A bipartisan bill called The Paycheck Protection Small Business Forgiveness Act has been introduced into the Senate that would allow small businesses who received a Paycheck Protection Program (PPP) loan of $150,000 or less to obtain automatic forgiveness after submitting a one-page attestation form. The attestation form would be limited to one-page, and the small business would simply attest that the loan is eligible for forgiveness and that the business complied with the requirements of the Paycheck Protection Program found in the CARES Act.
SBA Releases PPP Forgiveness Application and Makes Critical Clarifications and Documentation Requirements
The SBA released its Paycheck Protection Program (PPP) Loan Forgiveness Application and clarified a few critical definitions and documentation requirements in their instructions. The forgiveness application is completed by the small-business borrower and is submitted to their bank or lender whom they received their PPP loan from. The application consists of 11 lines that when calculated results in the amount of forgiveness a small-business owner will be eligible for. The forgiveness component of PPP is what attracted small-business owners to take out PPP loans in droves, as the program promised forgiveness of amounts loaned so long as the small business used the funds for payroll, business mortgage interest, rent and utilities. For a summary on forgiveness rules please refer to my prior article here.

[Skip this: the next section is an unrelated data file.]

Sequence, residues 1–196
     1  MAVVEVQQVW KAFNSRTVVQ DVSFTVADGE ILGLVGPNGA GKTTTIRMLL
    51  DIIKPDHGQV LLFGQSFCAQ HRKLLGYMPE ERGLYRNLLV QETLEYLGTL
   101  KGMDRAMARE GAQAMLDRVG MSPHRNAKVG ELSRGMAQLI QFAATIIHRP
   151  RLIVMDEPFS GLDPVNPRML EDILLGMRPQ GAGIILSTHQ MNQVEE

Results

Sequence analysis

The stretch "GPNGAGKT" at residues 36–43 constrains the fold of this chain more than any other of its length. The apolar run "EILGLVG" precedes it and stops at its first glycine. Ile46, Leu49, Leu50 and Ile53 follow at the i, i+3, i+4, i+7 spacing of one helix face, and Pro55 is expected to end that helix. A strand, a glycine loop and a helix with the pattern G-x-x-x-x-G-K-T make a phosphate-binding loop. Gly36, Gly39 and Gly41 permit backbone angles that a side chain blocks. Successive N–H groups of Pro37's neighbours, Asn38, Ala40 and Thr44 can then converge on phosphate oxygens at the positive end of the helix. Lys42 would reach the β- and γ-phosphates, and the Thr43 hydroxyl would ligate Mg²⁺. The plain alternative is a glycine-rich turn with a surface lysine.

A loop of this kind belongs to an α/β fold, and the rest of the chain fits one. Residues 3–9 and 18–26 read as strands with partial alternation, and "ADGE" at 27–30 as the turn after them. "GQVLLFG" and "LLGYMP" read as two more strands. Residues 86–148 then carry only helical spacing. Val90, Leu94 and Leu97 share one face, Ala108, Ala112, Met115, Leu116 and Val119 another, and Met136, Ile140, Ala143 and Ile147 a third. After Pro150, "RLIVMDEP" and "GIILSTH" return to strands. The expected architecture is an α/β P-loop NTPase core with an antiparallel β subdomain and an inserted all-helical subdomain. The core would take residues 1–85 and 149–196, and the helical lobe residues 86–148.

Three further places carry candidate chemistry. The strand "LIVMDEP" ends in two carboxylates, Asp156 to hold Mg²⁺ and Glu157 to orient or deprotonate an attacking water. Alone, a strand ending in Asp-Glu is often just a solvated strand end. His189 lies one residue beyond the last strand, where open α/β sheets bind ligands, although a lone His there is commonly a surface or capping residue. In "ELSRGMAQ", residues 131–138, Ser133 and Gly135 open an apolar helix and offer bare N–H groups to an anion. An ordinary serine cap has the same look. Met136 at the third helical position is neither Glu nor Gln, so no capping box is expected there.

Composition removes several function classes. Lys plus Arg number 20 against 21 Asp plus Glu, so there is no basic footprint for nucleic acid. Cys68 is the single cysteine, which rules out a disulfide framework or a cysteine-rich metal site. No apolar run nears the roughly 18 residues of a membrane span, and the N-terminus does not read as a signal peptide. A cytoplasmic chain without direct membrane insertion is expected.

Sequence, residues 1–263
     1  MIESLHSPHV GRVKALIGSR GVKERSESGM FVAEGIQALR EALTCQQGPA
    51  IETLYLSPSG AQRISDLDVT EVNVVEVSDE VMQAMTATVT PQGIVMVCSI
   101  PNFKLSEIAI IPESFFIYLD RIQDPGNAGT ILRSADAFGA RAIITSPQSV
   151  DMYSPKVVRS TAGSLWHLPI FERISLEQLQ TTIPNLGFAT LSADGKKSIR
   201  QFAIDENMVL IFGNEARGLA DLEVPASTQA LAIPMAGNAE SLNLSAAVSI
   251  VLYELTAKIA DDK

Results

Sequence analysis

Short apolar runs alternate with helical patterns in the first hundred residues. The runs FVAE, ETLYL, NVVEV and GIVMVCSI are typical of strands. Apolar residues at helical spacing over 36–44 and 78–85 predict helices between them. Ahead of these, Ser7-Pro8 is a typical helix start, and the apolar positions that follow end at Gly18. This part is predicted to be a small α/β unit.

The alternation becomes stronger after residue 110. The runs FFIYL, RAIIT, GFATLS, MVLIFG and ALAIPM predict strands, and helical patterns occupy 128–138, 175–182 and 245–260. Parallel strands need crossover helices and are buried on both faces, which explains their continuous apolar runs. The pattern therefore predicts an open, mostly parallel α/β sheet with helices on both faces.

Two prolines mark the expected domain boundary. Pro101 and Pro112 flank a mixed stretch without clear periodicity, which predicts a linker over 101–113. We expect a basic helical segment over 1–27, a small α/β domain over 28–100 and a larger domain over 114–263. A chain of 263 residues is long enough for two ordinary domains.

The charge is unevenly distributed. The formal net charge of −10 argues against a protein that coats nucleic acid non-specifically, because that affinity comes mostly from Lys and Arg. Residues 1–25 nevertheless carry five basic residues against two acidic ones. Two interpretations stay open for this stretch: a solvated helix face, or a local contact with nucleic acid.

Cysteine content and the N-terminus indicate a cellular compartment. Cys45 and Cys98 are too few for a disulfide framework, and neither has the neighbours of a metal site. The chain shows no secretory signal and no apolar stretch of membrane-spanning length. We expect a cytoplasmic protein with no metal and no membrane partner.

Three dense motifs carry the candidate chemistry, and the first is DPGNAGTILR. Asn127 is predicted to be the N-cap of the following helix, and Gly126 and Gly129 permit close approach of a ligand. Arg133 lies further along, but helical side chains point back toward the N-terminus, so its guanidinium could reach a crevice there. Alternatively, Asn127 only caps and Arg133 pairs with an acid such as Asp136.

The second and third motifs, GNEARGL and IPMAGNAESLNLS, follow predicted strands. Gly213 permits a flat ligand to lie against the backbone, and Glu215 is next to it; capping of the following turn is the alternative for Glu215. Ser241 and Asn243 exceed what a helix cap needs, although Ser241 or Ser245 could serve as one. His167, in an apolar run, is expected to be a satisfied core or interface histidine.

On Tuesday, the Senate approved an additional $310B of funding for the popular Paycheck Protection Program (PPP) loans for small-business owners, and the House is expected to approve the measure as soon as today.
The original bill passed passed on March 27 and established $349 billion in funding for PPP loans, but that money evaporated in just two weeks. Consequently, many business owners were left unfunded or were unable to find a bank that would even take their application. This additional $310 billion will go much more quickly than the first round, as the pipeline is full of those who applied and missed out initially, as well as others who have since located a bank willing to take their application.
The number-one pressure on small-business owners right now is payroll. Whether you’re a sole proprietor one-person-show or a company with 500 employees, you’ve certainly felt the pressure. Maybe you’ve already stopped paying yourself, have laid off workers or cut hours. Well, you can thank your federal government for the best aid program recently offered for small business, the Paycheck Protection Program loan (aka Coronavirus Stimulus Loan, or PPP Loan).
The PPP Loan was signed into law on March 27, 2020. On March 31, the SBA issued its guidance and sample application for the loan to be used by banks. Here’s a summary of the details you need to know. Read the article on Entrepreneur here.